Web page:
Gavel To Gavel

Gavel To Gavel: Fund-Raising Hearings

Senator Thompson Ready For Public Hearings

Aired July 3, 1997 - 4:00 p.m. ET


CANDY CROWLEY, CNN CORRESPONDENT: It seems to me looking at it, that you are walking a kind of tightrope; that you have some very public pushing from the right saying, at least obliquely, we want to you go after the Democrats; a very public pulling from the left saying, we want you to zero in on Republicans just as much as you do Democrats. Where are you finding the balance line?

FRED THOMPSON, (R) SENATOR, TENNESSEE: Following the allegations and following the evidence, wherever that might lead. I have no quota system. I have said in the very beginning, if Republicans have problems -- I or anybody else -- then we've got problems. And you lay them on the table and deal with them. But I'm not going to try to generate a lot of time and effort just trying to find something to -- in the name of so-called balance. Whatever the allegations are, that should be the determining factor, and not which party is producing the allegations.

CROWLEY: And if it's 90-10 one way or the other, it's allegations?

THOMPSON: I'm not responsible for the activity. I'm just responsible for investigating the activity, and if it's 90-10 or 50- 50, that's the way it will be.

CROWLEY: The political dynamics of this -- you know that no matter what you do, there are going to be those saying, he's running for president. How do you handle that sort of thing?

THOMPSON: Well, it's all been kind of amusing to me a little bit because in the last several months, without my having lifted a finger or raised a dollar or said a thing about it, you know, I've been nominated, and defeated, and elected, back around again three or four times. But there's nothing I can do about that. All I can do is try to do a good job and clearly, you know, if you do a good job you're enhanced in every way, and if you do a bad job you're not. But the definition of a good job is not trying to hype things or create turmoil or grab a headline every 30 minutes.

The way do you a good job is to follow the facts where they lead and be fair in the way that you treat people and handle the investigation. And if I'm able to do that, I'll live with whatever the political consequences come from that. And if we do our job well -- if we're thorough and fair and act like adults doing adult work, and not like kids in a sandbox, which is what the American people, I think, often expect of us, then we'll -- we'll all be OK.

CROWLEY: How confident are you that, that is going to happen, given that there has been some sandbox doings in the weeks leading up to this?

THOMPSON: I feel good about it. I think that members of the committee are focused now. And if we're smart as we're supposed to be about such things, we will understand that we can't misbehave and we can't act like children, and we can't be partisan, and we can't cover up, and we can't be unfair, and all those things of things that are the basic tendency, I think, of us here in Washington -- a lot of times. We can't have business as usual when we go public and when people are watching. The average person is watching to see how we're doing. That's coming home to us now.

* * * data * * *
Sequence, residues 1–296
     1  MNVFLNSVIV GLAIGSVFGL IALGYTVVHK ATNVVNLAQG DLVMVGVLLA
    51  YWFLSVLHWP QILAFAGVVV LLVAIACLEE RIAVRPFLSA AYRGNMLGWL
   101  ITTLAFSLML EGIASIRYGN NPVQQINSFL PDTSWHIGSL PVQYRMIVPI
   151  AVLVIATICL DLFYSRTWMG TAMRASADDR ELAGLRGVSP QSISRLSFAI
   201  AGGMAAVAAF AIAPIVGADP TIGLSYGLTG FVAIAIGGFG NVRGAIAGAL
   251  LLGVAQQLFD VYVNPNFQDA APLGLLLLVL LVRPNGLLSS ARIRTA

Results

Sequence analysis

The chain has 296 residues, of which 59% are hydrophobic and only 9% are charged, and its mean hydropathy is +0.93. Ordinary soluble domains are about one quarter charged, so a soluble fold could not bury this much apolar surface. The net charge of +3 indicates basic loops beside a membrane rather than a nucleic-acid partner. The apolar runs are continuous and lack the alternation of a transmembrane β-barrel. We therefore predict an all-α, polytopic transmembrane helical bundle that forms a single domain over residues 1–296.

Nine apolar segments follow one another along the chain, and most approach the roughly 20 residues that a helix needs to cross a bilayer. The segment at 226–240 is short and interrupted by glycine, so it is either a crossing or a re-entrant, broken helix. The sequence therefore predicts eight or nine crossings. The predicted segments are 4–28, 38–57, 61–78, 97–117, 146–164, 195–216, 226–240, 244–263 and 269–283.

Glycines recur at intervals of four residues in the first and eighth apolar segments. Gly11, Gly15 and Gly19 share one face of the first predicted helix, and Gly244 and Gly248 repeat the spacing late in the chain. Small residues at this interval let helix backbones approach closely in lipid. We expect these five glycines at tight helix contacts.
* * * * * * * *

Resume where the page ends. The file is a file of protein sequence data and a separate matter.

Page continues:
CROWLEY: Give me a broad brush of the agenda of what you can tell me about the mission and the agenda, how you're going to set this up?

THOMPSON: Well, I can only talk about it in the broadest sense. Our basic goal is to first look at the things that have to do with congressional oversight mostly. Our committee is an oversight committee -- and how our government is working, any abuses that might have taken place, allegations pertaining to our last election concerning money laundering, foreign involvement, things of that nature.

Then when we finish with that, we'll take a look at the broader issue of soft money, the use of independent groups -- that both political parties engage in and mostly, as far as we know, mostly legal activities. But the main thing is to be able to take a look at that. Look at the abuses and the illegalities that might have been there, then put it in context of our overall system and see if we can't do better.

CROWLEY: What's been the extent of White House cooperation with you?

THOMPSON: We work pretty well with them. They have cooperated to a certain extent. Recently, we have learned they have not given us documents that they should have given us, which I'm disappointed at.

CROWLEY: Why do you think that is?

THOMPSON: Well, I'm afraid that, that's -- that's kind of a normal kind of thing in town. People slow walk things, you know, when they are given the opportunity, especially if you've got a cut-off date. But we'll have to face up to that and we'll resolve it. I think we'll get it done. I was a little bit disappointed this morning to read -- what I had heard from some reporters last night, and that is that the White House staff had started bringing reporters in and telling them their strategy in dealing with our committee -- that they were going to charge us with partisanship, that they were going to charge me with being partisan, that we were going to have people over there in the hearings, you know, spinning their story and trying to discredit what we're doing and all of that. That's politics as usual. I guess it's to be expected, but I thought we could do a little better than that this time.

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